Accessing Supports In Higher Education

The transition from secondary school to third-level education is a huge jump, especially for those who are autistic and may need some extra support. As we transition through different educational settings, our needs change so in this article we hope to clarify the process of accessing support for you, so it seems a little less daunting.

All universities and colleges will have a designated service for people with disabilities. When you first start attending college you can register with Disability Services, every college will have a different process, but generally, if you have applied through DARE, you will be contacted to see what kind of support they can provide for you. Even if you have not applied through DARE, you can still contact the service at any time.

After contacting the disability service, they will ask you to fill out a form called an Evidence of Disability form, where you can mention your diagnosis and explain how it impacts your learning. A letter from your GP or your Local Health Officer may be necessary as medical evidence. If you have already applied through DARE, you will not need to provide medical evidence. All colleges and universities’ Disability Services have a very strict confidentiality policy so do not worry about giving your information to them.

During your orientation week, you may be asked to come in a week before other students, to meet with other students and your disability officer. Your disability officer will sit down with you and assess your needs so they can allocate proper support. It might help to go with a parent or guardian who knows you well as extra support to help you further elaborate on any needs you may have.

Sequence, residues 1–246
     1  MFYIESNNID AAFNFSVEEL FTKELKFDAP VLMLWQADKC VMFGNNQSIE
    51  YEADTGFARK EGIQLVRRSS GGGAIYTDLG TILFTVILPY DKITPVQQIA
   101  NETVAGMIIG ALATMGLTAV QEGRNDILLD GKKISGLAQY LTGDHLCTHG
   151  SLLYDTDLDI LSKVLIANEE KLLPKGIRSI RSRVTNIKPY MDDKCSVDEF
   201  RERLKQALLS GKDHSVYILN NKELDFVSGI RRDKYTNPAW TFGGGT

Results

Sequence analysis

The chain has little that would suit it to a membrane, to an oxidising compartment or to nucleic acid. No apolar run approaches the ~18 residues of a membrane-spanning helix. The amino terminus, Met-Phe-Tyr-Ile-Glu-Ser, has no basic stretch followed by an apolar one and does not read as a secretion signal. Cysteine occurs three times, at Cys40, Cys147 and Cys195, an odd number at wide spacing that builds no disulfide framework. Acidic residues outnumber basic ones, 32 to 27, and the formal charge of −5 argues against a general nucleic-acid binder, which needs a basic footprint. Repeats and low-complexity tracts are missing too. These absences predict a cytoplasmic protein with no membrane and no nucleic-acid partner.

Support you may get can vary from exam support to learning support. Exam support may include doing your exams in a separate hall, headphones, a scribe or allowing you to use a laptop.

Learning support includes assistive technology to help you in lectures, access to a guidance counsellor, or occupational therapy.

You may also be offered a tour of the campus, meet other students using the service etc. This is a good opportunity to meet similar people, break the ice and build your confidence before the semester begins.

Disclosing your Diagnosis in College

Understandably, you may be a little hesitant to disclose it to your college due to past experiences or other circumstances. It is important to note that you are under no obligation to disclose your disability, however, it could be a way to enhance your student experience in your college or university.

Firstly, disability services in colleges have a strict confidentiality policy, this means that just because you tell them does not mean that it will be shared with everyone, only the information that you would like to be shared is shared.